Pat Weaver was born Sylvester Barnabee Weaver in Los Angeles, California on 21 December 1908. He studied philosophy and classic at Dartmouth College in Hanover, New Hampshire and graduated magna cum laude. He went to work for the advertising agency of Young & MacCallister before entering the field of radio. He worked as an announcer, writer, producer, director, actor, and salesman at KHJ in Los Angeles starting in 1932. By 1934 he was programme manager at KFRC in San Francisco. IT was in 1935 that he first worked for NBC. In 1935 he joined the advertising firm of Young &  Rubicam, where he would become their supervisor of programmes for their radio division and later he would become the agency's vice president in charge of radio and television. From 1942 to 1945 he served in the United States Navy.

It was in 1949 that Pat Weaver joined the National Broadcasting Company (NBC), the company where he would make a name for himself. With a good deal of experience in both radio and advertising, NBC brought Mr. Weaver in to develop programming for NBC's fledgeling television network. One of his first acts at NBC was the creation of the legendary sketch comedy and variety show Your Show of Shows. Your Show of Shows consisted primarily of sketches parodying American life, books, movies, and even more high brow things such as opera. If the format sounds familiar, it is because NBC would more or less reuse it for a new show in the Seventies called Saturday Night Live. Your Show of Shows would make stars out of Sid Caesar, Imogene Coca, Carl Reiner, and Howard Morris. Many of its writers, such as Mel Brooks, Neil Simon, Danny Simon, and Mel Tolkin would go onto further fame in television and movies.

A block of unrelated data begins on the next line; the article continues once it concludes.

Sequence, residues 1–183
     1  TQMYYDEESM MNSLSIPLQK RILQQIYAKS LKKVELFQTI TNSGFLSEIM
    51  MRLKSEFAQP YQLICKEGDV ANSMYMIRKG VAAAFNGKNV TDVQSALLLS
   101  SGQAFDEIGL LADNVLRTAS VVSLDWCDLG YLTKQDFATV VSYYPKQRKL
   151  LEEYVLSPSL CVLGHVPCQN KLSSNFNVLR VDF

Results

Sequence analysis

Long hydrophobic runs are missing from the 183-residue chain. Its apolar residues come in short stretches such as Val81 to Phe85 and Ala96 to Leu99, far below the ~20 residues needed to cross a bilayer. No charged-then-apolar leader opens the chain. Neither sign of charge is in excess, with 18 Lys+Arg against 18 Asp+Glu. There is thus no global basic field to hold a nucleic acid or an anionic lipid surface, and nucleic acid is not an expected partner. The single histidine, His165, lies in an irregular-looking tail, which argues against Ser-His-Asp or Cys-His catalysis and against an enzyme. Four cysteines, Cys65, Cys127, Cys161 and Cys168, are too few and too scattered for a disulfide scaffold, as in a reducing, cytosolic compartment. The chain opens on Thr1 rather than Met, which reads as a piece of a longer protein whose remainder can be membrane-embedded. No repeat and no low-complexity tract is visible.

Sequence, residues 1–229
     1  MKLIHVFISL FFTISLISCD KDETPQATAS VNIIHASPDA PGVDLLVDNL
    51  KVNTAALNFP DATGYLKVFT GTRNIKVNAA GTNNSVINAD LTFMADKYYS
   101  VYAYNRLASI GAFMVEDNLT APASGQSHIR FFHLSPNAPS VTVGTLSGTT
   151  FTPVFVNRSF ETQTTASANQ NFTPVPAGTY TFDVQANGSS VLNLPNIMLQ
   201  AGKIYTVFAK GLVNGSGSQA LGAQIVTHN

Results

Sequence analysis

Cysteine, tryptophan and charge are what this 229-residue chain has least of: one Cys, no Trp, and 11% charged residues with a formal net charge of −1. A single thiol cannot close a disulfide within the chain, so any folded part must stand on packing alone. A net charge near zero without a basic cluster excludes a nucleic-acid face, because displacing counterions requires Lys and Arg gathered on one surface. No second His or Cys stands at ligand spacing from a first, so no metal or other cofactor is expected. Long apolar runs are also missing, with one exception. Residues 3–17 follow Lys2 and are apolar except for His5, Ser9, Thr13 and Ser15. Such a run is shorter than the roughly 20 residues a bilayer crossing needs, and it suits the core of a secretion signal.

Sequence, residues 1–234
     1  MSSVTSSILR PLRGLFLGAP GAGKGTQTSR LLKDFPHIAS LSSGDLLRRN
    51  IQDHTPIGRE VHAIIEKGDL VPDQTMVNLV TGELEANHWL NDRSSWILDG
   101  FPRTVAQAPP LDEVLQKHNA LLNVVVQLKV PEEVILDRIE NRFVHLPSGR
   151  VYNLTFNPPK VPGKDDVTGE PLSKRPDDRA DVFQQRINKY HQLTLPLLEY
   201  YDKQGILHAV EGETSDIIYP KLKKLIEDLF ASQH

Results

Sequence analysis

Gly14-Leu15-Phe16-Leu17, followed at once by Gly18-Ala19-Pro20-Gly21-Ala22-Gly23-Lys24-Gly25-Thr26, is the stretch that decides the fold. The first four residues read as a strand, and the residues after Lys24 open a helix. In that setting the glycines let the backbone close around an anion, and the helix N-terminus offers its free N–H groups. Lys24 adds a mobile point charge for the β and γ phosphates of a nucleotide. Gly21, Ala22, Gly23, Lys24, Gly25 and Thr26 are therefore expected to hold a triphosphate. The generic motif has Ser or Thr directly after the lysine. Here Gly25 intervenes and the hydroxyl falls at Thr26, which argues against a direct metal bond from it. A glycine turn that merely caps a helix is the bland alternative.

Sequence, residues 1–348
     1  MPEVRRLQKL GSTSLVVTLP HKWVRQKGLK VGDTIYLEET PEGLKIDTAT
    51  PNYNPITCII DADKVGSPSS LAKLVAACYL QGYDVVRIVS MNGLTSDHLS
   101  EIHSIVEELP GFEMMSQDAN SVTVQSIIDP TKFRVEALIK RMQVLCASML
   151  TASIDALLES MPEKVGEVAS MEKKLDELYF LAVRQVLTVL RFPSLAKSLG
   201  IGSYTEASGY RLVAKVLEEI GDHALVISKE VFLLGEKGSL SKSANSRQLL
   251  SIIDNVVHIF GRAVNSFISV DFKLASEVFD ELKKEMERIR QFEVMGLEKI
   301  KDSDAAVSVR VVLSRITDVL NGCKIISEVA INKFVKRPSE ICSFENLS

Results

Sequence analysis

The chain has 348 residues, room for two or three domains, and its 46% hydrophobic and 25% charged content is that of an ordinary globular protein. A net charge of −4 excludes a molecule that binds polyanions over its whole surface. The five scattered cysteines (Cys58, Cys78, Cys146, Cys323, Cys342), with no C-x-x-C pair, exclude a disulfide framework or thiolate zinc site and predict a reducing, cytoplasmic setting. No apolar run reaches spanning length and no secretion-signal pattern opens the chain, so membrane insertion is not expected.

Beyond its then revolutionary format, Your Show of Shows would be ground breaking for another reason. On radio sponsors often produced and owned the programmes, a mode of operation that was carried over into television. Pat Weaver thought this gave the sponsors more power over programming than the networks even had. For this reason he developed what he called the "magazine concept" of advertising and would later become known as "participation advertising." Quite simply, NBC would own and produce Your Show of Shows, then sell time to advertisers to air commercials during the show. In other words, it would not be unlike a magazine, in which several different companies advertise in the publication and would have no control over its content. Pat Weaver would utilise this same approach to advertising on Today and The Tonight Show. Eventually it would become an industry standard in television and it remains one to this day.